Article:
The vocational students, who are not from the community themselves, were able to gain valuable knowledge so that the help can be continued on site. For example, Mara showed them how to install ceiling structures in the houses. “Our vocational school buddies can now do this themselves.” The helpers also want to take care of the electricity connection on site now that the cables are in place. The participants, on the other hand, have learnt to use the available resources even more sustainably. “For the people there, wasting materials was not an option at all,” says Jule.

An important experience

The fact that they now have their own benches and beds moved the villagers to tears. Like the other participants, Mara, Jule and Maren were inspired to reflect on their own problems. “It really makes you question whether the things we lack are really that bad,” says Jule. In the midst of poverty and hardship, the importance of solidarity and the power of help to permanently improve living conditions became clear.

Mara particularly remembers the children in the community. “They had such a sparkle in their eyes. We had soap bubbles with us, they were almost crying,” she remembers the joy that even such simple things can bring.

When she returned home, on the other hand, she felt overwhelmed by the prosperity, the oversupply. “Here, people make sure that the peppers don’t have a dent. In Rwanda, you’re happy if you have anything to eat at all.” She would like to see more awareness and appreciation for the things that people have. Because she has seen what it means when food and water, a bed and a roof over your head cannot be taken for granted.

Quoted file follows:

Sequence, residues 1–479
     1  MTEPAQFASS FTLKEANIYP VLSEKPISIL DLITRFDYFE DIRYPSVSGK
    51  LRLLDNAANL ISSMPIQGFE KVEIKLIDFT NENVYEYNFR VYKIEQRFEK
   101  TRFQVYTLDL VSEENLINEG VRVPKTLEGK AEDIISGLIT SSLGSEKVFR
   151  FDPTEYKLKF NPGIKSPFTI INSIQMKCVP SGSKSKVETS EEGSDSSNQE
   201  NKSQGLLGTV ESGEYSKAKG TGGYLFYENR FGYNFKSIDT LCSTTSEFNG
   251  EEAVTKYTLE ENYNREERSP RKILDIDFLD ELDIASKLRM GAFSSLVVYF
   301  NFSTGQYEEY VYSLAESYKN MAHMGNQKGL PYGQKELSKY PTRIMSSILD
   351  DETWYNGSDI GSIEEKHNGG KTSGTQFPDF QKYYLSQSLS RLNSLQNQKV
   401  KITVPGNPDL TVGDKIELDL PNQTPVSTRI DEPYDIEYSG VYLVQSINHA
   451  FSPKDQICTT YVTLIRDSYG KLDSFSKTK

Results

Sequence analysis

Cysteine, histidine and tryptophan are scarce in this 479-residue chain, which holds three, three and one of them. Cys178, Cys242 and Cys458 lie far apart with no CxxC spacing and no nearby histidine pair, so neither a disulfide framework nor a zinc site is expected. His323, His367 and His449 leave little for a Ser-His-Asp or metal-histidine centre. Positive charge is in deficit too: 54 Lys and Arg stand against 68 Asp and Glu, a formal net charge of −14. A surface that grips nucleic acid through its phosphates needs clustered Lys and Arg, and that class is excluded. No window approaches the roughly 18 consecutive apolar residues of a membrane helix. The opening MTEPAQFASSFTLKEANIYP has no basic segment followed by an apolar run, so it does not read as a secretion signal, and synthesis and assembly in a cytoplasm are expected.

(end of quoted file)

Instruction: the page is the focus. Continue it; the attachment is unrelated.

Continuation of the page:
A community on the margins of society

How does an entire community fall into poverty like this? The reason for this shocking situation: the HMP community originally lived in a forest area and supported themselves by hunting. As this area is home to gorillas, which in turn are considered a tourist attraction, the government declared the land a national park without further ado and forcibly relocated the inhabitants. They were given houses with four walls and a roof, but were not prepared to live in this way and participate in Rwandan society. They received almost no further support.

However, the people also lost their only source of food. Arable land is too expensive, picking fruit is considered theft and begging is forbidden in Rwanda. The inhabitants have hardly any opportunities to work as they have not learnt any trades. They sleep on the floor in simple houses without electricity or water. Many children suffer from pneumonia.

Witnessing these conditions was shocking for Jule, Mara and Maren. The three have found all the more hope in the project. Together with vocational school students from the region, they have helped to improve the situation on the ground in just a few days. Not even the vocational students were aware of the poverty in this community.